A 2010 study reported the experiences of young girls from Melbourne, Australia, who’d dropped out of their school’s mixed-sex chess club. Participation was voluntary, and the club started out with roughly equal numbers of boys and girls. But within a few months, only 10 percent of the original group of girls remained. Many of the girls reported that they’d left for banal reasons such as boredom. Some left because their friends left. But others reported feeling unwelcome, and even teased. One 11-year-old girl reported that “the boys tend to put us down by saying things about our playing…well, if we think we’re hopeless, well, then we’ll start playing hopeless, so, [you have to] just ignore them and keep playing for the sake of it.” Even veteran women chess players have reported similar experiences.

Social-media forums dedicated to chess also relate tales of a different kind of harassment. One woman, for instance, answered a question on Reddit about why she’d stopped playing in-person chess this way: “When I started college, I took chess classes and was very active in the chess club. After a while, I started getting a lot of unwanted male attention to the point I could not go to the club without a circle of guys being around me. It was deeply uncomfortable and I stopped going.”

Just a few months ago, in fact, former American woman’s chess champion Jennifer Shahade resigned from her position as Director of the U.S. Chess Women’s Program, claiming that the organization had ignored complaints (from her and other women) about sexual harassment, and even allegations of sexual assault.

Such reports should, of course, be taken seriously. But I’m far from convinced that sexism and harassment are the main reasons why men outperform women at chess. We’ve already come a long way in battling sexism during my lifetime. And yet, even as women have made great strides in such areas as medicine, law, engineering, and academia, the sex gap in chess has barely budged since second-wave feminism took off in the 1960s. This all suggests there’s something else going on.

Until the Middle Ages, chess was seen as a simulation of warfare—a masculine domain. But in the sixteenth century, as tabletop games became more popular among the newly affluent commercial classes in Tudor England and the rest of Europe, chess’ theme came to be seen as more abstract, and so more suited to the genteel environment of a salon or even a palace. It became socially acceptable for women to join in the hobby (which also provided a rare excuse for the sexes to mingle).

A thirteenth-century illustration of Knights Templar playing a game of chess, contained in a book produced under the direction of Alfonso X of Castile.

But it wasn’t until 1897 that an English tournament hosted female players exclusively (with 32 participants in total, five of whom came from abroad). Wilhelm Steinitz, the reigning men’s champion at the time, was no Fischer-style reactionary. He described his hopes that the trend of including women in chess would continue: “If we engage the queens of our hearts for the queens of our boards, and if we can enlist the interest of our connubial mates for our chessical mates, our intellectual pastime will be immensely benefited and will pass into universal favor.”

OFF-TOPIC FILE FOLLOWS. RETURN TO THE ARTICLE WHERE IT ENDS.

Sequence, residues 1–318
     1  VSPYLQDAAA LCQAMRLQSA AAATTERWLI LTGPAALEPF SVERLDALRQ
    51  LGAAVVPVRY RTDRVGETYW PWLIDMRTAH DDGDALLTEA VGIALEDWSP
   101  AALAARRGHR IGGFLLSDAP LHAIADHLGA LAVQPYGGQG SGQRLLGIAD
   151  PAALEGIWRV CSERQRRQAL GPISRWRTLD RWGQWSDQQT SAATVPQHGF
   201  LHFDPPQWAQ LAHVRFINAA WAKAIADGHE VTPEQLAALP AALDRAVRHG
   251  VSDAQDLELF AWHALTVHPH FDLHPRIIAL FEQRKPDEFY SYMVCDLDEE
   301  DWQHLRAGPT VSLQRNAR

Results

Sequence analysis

Steinitz’ hopes were eventually realized. In 1927, three years after FIDE’s founding, a group of women came together to compete in the inaugural Women’s World Chess Championship. As the expression goes, women now had a league of their own. The first champion was Vera Menchik of Russia (later Czechoslovakia), who reigned until 1939.

Vera Menchik, long-reigning women’s chess world champion, concentrating on a move during the International Chess Tournament which opened at the Central Hall, Westminster, London, 1 February 1932. Alamy

The establishment of a separate category for women meant that they could regularly compete and earn championship titles, as Menchik did. But it wasn’t until many years later that any women would have a realistic chance of winning against the men at the top. In 1986, Susan Polgár (Judit’s Hungarian-American older sister), who had eschewed competing in women’s tournaments and honed her skills by playing against men, seemed poised to breach the sex barrier. She performed so well (at just 17 years of age) that she hit the performance threshold required for admission to the Zonal Chess Championship (in practice, the “Men’s” championship), which would have given her a shot at competing in the World Championship.

Alas, she was lacking one crucial qualification: maleness. “The Hungarian federation and FIDE succeeded in stopping me from participating, even though I had earned my spot,” Polgár complained.

A few years later, FIDE gave way by replacing what was often called the “Men’s” category with an “Open” one, which would explicitly welcome everyone. In practice, males are vastly over-represented in the Open category. But the change did allow any qualified woman to have a chance to become a real-life Beth Harmon—that is, not just one of the best female chess players, but one of the best, period.

The creation of the Open category also set up the stark asymmetry in the rules that lies at the heart of our inquiry concerning the participation of transwomen in the female-only category: While women (and transwomen) are free to compete in the Open category, men have not been allowed to compete in the women’s category. This is the decades-long state of play that formed the background to FIDE’s aforementioned August 2023 policy “update”:

In the event that the gender was changed from a male to a female, the player has no right to participate in official FIDE events for women until FIDE’s decision is made. Such decision should be based on further analysis and shall be taken by the FIDE Council at the earliest possible time, but not longer than within 2 (two) years period. There are no restrictions to play in the open section for a person who has changed [their] gender.